Whether you are entitled to anything will depend on a number of things, but usually the first considerations are in which state you would be bringing your claim, whether you are an “eligible person”, whether the deceased owed you any obligations or responsibilities, and your financial resources including earning capacity. There is no hard and fast rule. Every matter will turn on the facts and circumstances that apply to you. 

Even if you have been left something in someone’s Will, you might still be able to make a claim for greater provision from the deceased’s estate (or notional estate in NSW). It will depend on the facts and circumstances that apply to your matter. 

The answer to this is “it depends”. It depends on a lot of different things as set out above, plus other things, including whether you had a family law settlement and what (if any) other arrangements existed between you after your intimate relationship ended. It will always depend on the facts and circumstances of your particular case.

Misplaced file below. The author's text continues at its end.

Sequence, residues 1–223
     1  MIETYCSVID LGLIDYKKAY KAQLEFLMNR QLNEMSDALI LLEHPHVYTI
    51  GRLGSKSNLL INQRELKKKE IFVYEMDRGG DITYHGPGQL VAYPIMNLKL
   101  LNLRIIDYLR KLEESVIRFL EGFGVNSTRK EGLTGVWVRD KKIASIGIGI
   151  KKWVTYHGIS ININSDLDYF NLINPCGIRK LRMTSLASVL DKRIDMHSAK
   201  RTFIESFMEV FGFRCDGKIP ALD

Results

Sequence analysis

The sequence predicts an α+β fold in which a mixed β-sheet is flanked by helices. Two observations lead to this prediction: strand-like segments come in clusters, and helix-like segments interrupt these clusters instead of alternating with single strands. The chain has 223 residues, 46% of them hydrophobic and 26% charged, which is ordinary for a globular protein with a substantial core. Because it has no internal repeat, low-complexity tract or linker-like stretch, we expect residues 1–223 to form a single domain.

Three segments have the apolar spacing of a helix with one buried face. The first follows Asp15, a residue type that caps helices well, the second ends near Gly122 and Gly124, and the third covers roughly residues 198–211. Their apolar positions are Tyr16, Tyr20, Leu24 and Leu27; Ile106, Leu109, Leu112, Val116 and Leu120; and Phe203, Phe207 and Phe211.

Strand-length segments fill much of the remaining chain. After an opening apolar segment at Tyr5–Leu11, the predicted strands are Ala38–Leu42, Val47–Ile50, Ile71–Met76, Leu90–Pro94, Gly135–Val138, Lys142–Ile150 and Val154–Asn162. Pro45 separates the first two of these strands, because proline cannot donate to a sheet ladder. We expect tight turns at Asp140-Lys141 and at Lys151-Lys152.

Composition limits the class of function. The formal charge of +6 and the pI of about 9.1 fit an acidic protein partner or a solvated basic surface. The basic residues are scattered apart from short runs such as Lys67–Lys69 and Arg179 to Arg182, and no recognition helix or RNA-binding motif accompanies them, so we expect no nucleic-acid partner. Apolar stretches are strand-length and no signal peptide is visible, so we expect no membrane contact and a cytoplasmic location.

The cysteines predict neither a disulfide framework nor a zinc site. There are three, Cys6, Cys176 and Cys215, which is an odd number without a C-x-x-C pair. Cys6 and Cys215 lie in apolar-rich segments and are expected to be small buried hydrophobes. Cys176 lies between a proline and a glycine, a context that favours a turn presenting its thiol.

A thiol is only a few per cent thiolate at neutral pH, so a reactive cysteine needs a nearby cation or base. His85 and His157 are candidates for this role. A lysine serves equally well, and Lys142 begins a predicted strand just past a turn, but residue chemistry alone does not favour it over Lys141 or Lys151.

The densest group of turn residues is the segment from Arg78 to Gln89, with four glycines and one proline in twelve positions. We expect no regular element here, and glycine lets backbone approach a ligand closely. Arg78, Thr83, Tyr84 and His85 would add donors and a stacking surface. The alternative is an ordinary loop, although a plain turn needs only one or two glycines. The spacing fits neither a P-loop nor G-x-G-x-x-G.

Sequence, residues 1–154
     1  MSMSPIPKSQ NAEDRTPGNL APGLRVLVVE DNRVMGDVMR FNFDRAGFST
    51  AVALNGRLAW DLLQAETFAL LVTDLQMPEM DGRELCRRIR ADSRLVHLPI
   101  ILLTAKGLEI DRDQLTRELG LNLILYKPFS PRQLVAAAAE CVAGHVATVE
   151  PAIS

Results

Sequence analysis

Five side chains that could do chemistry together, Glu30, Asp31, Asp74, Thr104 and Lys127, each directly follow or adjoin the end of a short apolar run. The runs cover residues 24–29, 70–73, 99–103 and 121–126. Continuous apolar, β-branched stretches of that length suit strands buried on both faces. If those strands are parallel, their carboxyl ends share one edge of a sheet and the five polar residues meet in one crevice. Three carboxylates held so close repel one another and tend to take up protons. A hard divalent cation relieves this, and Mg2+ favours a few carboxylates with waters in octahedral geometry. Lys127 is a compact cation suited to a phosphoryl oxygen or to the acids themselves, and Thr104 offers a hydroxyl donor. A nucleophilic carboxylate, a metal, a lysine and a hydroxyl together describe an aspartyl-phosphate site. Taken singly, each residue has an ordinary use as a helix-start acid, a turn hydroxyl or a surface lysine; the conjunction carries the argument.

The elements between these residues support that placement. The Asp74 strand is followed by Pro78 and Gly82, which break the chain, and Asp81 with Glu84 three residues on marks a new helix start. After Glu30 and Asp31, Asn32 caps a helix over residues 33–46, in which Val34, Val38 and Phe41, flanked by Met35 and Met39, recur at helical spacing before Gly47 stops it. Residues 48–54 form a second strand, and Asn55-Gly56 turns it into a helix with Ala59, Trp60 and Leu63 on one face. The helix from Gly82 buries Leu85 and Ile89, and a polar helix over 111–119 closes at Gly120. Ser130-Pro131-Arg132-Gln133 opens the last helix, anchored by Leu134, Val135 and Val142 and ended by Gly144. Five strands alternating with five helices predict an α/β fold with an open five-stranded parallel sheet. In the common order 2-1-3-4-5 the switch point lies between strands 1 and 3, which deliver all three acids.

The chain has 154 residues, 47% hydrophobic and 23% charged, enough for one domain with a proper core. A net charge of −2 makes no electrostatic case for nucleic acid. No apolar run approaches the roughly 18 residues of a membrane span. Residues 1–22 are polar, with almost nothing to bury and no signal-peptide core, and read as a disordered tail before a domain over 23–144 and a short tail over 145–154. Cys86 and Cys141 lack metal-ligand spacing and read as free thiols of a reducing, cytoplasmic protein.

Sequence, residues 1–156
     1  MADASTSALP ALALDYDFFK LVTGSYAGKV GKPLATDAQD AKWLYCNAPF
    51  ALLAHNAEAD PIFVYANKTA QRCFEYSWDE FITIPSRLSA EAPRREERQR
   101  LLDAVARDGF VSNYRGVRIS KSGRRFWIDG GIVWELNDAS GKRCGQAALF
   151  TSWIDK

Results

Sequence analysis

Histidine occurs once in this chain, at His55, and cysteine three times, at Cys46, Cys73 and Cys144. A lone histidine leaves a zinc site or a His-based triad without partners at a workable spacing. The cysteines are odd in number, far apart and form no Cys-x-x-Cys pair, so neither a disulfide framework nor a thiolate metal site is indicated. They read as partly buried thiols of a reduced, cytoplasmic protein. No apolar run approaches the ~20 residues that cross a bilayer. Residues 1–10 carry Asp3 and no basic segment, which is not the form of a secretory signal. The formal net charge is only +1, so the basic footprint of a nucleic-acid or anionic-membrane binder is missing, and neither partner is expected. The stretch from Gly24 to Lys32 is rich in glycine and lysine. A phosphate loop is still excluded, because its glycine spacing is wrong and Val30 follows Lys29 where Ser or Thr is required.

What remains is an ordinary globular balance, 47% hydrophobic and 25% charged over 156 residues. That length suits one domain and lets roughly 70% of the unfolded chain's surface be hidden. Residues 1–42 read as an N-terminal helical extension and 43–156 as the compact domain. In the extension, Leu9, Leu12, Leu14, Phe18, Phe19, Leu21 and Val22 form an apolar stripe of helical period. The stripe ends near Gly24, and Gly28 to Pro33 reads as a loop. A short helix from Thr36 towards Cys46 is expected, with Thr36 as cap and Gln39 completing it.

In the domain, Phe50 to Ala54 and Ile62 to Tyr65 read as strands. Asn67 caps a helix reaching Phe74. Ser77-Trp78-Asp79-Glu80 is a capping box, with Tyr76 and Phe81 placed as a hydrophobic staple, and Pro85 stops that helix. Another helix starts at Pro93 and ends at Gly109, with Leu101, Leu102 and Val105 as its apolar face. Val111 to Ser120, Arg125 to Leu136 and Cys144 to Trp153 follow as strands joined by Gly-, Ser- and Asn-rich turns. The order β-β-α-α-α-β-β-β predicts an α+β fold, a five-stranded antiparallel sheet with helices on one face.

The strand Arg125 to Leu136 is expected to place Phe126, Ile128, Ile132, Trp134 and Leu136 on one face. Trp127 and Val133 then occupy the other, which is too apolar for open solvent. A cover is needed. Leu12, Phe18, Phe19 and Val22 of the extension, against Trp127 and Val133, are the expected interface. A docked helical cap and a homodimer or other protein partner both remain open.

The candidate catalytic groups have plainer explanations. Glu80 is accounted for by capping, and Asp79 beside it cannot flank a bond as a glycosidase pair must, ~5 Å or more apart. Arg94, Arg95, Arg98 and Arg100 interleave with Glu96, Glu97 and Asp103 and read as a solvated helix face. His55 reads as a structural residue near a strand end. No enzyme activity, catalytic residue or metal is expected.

Everyone enjoys testamentary freedom. That is, you can leave your estate to whoever you wish. However, we recommend that you obtain legal advice before deciding to leave someone out of your Will. The law on estrangement may surprise you. You may find that according to law you are not actually estranged from your family member or the estrangement is not enough to justify leaving someone out. 

There are several differences between NSW and Victoria when it comes to estate claims. The major difference is that in NSW, in certain circumstances, there may be an ability to “claw back” any notional estate of the deceased if there is not enough left in the estate to satisfy a claim. In a lot of ways however, the assessment of a claim in NSW and Victoria is generally similar, subject to other minor differences such as the eligibility of claims by step-children. 


Please choose from one of the following obligation-free options:

1. If you would like to get the ball rolling with making a Will, power of attorney or health documents, click this button. It will take you to an easy-to-use and secure online form that allows you to map out your unique situation and makes our turnaround times faster.

2. If you have an enquiry about a deceased estate or an estates claim, or any other general Will or succession query, please fill in the below form and one of our local solicitors will be in touch to provide you with personalised advice, with no obligation!